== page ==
sw-precach-webpack-plugin generates a
service-worker.js file for us. This Service Worker will be located in
dist/service-worker.js and will be loaded and executed in your browser on first application run. Have a look at it:
You probably have noticed that I am not taking care of
webpack.dev.conf.js file. There is a good reason why. Service Workers is a production feature: you don’t want
*.css files to be cached while developing your application.
To test it, build Cropchat in production mode:
npm run build
In order to emulate an HTTP server and serve Cropchat built files, you can use brilliant serve tool: (requires node ≥ 6.9.0)
sudo npm install -g serve
Then, let the magic happen:
And browse: http://localhost:3000
Press F12 to open Chrome Developer Tools and open Application Tab:
Under Service Workers menu, you will see that CropChat now has a Service Worker installed and running. Chrome Developer Tools is a very powerful debugging software. If you want to learn more about Service Workers debugging, do not hesitate to have a look at this Progressive Web App section.
Now, let’s test offline mode:
Go back to Service Workers menu item, activate Offline Mode ;
under Network Tab, see that Offline Mode is activated here too ;
under Network Tab, disable cache (browser cache <> Service Worker cache) ;
Application is still running thanks to our Service Worker that runs in background and serves assets rom cache.
Have a look to Cache Storage: (You may need to close and re-open dev tools):
Static assets are cached!
However, we are far from a proper offline mode! Here is why:
we are not caching external Material Design Lite fonts and stylesheets, fetched from https://code.getmdl.io/1.2.1/material.blue-red.min.css ;
we are not caching cats pictures ;
We are going to address these points in the next section.
Basically, we would like to cache all HTTP requests. Service Workers can do that for us too. It’s named runtime caching.
Again, we won’t write our Service Worker manually. There is great plugin for that called
sw-toolbox and it is already included in
sw-precache-webpack-plugin. Nothing more to install: isn’t VueJS + webpack combo great?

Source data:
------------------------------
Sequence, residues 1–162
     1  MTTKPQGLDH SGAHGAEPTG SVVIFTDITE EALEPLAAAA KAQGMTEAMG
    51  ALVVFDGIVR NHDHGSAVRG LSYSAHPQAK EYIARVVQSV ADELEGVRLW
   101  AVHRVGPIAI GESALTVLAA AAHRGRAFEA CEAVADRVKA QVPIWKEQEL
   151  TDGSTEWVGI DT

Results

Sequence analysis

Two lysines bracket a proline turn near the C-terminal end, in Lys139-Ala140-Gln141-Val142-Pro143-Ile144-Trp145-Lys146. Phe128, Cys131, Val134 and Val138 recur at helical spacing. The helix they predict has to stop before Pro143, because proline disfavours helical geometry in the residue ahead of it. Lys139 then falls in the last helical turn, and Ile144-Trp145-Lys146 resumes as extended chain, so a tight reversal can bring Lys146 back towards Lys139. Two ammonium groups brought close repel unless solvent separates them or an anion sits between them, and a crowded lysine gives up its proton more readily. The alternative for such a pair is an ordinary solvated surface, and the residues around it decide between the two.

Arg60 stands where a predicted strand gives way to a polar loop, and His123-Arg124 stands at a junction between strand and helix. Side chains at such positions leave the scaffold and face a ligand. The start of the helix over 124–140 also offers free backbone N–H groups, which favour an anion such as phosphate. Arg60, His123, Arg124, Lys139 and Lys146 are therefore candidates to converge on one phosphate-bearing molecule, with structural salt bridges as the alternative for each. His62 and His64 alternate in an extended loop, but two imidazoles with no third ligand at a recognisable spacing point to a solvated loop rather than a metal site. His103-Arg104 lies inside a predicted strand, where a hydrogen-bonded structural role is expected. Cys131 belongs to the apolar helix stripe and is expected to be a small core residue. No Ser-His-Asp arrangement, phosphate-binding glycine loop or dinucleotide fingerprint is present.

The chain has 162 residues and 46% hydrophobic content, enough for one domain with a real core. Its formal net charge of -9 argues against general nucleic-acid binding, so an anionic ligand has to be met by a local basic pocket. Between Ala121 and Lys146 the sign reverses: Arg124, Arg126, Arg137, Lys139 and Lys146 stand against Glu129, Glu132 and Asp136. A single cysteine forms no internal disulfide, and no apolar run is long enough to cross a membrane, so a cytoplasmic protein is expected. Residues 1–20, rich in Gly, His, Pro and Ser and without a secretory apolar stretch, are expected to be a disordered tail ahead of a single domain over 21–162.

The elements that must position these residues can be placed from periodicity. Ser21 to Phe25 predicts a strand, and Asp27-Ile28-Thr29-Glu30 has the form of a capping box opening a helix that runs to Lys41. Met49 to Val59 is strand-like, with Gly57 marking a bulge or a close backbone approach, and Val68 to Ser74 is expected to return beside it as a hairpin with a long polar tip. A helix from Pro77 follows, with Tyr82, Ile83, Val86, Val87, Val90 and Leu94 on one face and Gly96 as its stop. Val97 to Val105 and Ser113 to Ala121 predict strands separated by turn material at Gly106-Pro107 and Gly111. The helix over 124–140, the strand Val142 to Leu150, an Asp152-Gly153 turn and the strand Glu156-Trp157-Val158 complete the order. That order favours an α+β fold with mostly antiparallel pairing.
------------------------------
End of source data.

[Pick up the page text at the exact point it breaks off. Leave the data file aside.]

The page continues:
Build and serve again. You may need to Unregister your service worker, close your Chrome Browser… (Service Workers lifecycle seems a bit buggy right now)
We are close to achieving our goal. All we need to do is to cache CropChat cat images. Remember, cat pictures urls are fetched from the Cat API. Here is what they look like:
Re-build, serve your application again (unregister your Service Worker or/and close Chrome if needed), activate offline mode and test it again:
Take a look at your browser’s Cache Storage again:
I lied to you. Our application is not yet functional online. Try to turn on your network connection (instead of using Chrome Offline Mode): you won’t see CropChat content anymore.
We need to handle Firebase case manually. Here is my network-first caching strategy:
if user has access to the Internet (using navigator.onLine check): cache Firebase Websocket content in browser’s local storage, then hook on Firebase WebSocket ;
else: serve cached content from browser’s local storage.
To get it done, update your
HomeView.vue component with the following code:
And update <template> section to use
Build your app again, serve it, load it (with internet connection back) and try it offline !
I hope you have a better understanding of how to implement offline mode with VueJS, Webpack and a few plugins. We learned:
how to use
sw-precache to cache App Shell files ;
how to user
runtimeCaching to cache external assets ;
how to handle Firebase websockets caching using browser’s local storage.
Let’s have a look to our Progressive Web App checklist:
Two of our requirements are not yet met. We will handle them in next parts. Part 4 will show you how to “benefit from native features” using HTML 5 powerful APIs such as MediaDevice and MediaStream APIs.
For those who are in Paris, I am co-organizing a Progressive Web App MeetUp. Do not hesitate to say ‘Hi!’.